This report, accessible via the link above, focuses on the prevalence of web 2.0 technologies in Higher Education, not only in the UK, but within the international context provided by USA, the Netherlands, Australia.
Prior experiences – the digital divide still exists; use of web 2.0 is pervasive from age 11-15 upwards; web 2.0 helps define the boundaries between personal, group and publishing spaces online; group spaces could potentially be utilised for learning and teaching; appropriate skillsets for 21st century employability need developing; Information literacy strategies need developing.
Learner expectation – shifts in school pedagogic approaches impact sharply when students enter HE; face to face contact still matters to students; social technologies used in study contexts can present notional conflicts for students (not wanting tutors in their personal spaces); staff technological capabilities need taking into account; staff can effectively harness student skill levels to promote effective use.
Web 2.0 use in HE now – deployment of web 2.0 is not systematic and is mainly achieved through bottom-up pressure; learning and teaching usage is patchy; UK is currently well placed regarding its broadband infrastructure; advice and guidance is available to institutions (including via the RSCs) but adoption is followed at an institutional level.
– Access to technology for all and the development of skillsets is a basic entitlement.
– Development of critical analytical thinking and maintenance of skills that keep pace with emerging technologies.
– Issues that will continue to shape web 2.0 use include: scalability of use, the ability to offer a richer learning experience, the potential to exploit the growth and quality of open source materials.
Learner skills – HEIs should keep abreast of student prior experience and expectations; HEIs should provide appropriate technologies and associated skills development; web 2.0 participation should be encouraged, supported by research and best practice.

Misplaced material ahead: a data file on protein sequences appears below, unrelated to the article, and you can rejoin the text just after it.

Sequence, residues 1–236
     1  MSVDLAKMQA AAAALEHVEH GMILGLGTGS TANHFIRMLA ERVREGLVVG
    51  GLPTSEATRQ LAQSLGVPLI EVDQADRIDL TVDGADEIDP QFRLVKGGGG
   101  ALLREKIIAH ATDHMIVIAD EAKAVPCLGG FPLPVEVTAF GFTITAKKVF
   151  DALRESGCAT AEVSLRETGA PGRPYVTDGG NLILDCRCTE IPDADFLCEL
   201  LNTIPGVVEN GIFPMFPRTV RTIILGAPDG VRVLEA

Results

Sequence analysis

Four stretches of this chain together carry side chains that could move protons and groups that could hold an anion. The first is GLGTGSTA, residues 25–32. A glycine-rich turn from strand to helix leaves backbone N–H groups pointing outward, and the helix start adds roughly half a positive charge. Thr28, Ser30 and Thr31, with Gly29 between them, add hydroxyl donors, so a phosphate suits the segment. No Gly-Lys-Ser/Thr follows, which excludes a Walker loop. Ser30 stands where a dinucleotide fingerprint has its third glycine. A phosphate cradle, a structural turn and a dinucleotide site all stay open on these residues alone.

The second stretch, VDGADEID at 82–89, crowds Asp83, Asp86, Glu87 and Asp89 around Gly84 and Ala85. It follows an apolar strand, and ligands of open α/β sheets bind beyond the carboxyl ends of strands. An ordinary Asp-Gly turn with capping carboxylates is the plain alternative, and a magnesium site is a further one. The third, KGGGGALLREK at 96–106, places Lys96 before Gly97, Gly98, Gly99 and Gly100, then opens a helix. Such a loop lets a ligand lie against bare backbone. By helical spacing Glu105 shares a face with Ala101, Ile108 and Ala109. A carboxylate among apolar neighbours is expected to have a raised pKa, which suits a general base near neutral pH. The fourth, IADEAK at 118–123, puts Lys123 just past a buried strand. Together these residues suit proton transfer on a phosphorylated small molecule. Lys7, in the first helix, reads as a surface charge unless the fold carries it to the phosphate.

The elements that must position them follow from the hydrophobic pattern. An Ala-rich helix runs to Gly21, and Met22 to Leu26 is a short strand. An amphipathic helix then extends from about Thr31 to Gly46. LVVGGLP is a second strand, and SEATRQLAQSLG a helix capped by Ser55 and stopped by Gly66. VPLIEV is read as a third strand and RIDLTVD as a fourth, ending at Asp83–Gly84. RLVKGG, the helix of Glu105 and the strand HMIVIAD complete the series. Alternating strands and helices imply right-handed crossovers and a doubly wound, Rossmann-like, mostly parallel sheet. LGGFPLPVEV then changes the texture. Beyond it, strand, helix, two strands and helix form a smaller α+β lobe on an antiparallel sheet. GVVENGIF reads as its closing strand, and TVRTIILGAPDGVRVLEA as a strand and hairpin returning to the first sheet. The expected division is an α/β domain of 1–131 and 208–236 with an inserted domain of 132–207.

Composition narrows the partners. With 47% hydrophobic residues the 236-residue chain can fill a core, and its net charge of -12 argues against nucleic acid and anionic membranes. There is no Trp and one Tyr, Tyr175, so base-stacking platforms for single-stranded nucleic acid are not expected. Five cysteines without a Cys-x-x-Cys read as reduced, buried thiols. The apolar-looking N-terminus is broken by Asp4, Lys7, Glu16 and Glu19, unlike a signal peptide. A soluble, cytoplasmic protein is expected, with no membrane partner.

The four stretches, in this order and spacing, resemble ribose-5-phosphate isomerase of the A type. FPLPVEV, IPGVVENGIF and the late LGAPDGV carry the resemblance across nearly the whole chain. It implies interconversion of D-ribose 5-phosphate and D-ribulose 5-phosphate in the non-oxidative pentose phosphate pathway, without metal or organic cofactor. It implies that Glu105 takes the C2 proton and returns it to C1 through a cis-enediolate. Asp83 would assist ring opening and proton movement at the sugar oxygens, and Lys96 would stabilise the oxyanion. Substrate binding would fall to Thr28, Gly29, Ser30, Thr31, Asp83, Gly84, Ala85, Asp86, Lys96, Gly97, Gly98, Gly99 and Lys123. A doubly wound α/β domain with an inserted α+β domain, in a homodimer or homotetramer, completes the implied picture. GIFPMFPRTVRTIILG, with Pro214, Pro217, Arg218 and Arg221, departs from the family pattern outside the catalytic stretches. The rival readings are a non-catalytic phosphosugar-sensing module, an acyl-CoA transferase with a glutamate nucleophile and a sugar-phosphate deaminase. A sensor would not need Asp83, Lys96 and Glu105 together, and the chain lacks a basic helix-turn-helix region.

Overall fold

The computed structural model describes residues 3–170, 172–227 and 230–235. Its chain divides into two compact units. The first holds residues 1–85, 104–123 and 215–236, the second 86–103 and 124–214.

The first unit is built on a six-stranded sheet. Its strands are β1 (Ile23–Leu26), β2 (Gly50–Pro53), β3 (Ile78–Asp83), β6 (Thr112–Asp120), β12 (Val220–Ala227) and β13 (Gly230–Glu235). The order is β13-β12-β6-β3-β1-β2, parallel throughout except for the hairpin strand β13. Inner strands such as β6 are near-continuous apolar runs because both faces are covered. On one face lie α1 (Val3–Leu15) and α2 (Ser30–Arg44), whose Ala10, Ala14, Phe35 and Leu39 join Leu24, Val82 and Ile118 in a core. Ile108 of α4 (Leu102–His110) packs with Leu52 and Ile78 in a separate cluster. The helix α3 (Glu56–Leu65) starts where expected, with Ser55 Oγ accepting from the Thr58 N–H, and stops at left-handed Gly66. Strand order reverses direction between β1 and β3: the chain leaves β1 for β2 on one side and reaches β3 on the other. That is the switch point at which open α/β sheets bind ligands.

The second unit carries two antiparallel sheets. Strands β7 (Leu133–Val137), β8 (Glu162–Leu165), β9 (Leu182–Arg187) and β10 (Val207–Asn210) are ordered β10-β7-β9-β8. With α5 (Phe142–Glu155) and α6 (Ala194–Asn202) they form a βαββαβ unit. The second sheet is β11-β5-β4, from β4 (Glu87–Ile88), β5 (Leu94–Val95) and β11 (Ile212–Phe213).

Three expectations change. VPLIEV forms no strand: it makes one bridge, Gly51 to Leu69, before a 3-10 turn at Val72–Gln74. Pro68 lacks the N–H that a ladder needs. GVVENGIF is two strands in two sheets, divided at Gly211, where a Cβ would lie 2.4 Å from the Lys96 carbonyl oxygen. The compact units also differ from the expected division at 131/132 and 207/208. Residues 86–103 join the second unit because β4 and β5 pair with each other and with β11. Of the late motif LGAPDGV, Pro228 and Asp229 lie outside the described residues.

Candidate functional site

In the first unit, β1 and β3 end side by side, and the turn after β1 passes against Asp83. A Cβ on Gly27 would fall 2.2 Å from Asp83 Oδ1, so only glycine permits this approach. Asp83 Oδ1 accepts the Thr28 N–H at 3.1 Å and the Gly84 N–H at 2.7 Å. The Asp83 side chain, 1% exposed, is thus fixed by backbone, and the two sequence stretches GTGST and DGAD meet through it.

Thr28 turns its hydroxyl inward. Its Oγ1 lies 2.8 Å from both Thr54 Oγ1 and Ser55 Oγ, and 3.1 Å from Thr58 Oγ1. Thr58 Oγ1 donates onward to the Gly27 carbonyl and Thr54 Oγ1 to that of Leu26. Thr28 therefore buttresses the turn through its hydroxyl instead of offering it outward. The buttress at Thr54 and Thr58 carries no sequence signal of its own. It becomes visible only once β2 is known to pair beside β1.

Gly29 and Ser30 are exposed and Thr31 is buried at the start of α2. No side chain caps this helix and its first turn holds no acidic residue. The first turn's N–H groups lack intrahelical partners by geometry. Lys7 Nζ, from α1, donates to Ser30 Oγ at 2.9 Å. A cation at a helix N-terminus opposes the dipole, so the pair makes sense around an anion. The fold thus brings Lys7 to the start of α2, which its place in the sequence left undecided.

Staff skills – proficiency of use is a key area of concern; development of tutor / student relationships via web 2.0 should be explored where appropriate; HEIs should strategically support the use of web 2.0 and RSCs have a key role to play; The HEA will develop targeted staff support and CPD utilising the subject centres; JISC, Becta, the Leadership Foundation and other agencies will further research and collaborate on the embedding of web 2.0 within the pedagogic framework available to HEIs.
Infrastructure – JISC will ensure the dissemination of advice on the use of web 2.0 within existing legal and regulatory frameworks for senior management; JISC and the HEA to support the use of web 2.0 for all aspects of HEI business, including collaboration with the funding bodies who are to ensure that funding is maintained for investment in HEI physical infrastructure and research.
Inter-sectoral relationships – JISC, Becta and other agencies to embed close working relationships between schools, colleges and the university sector.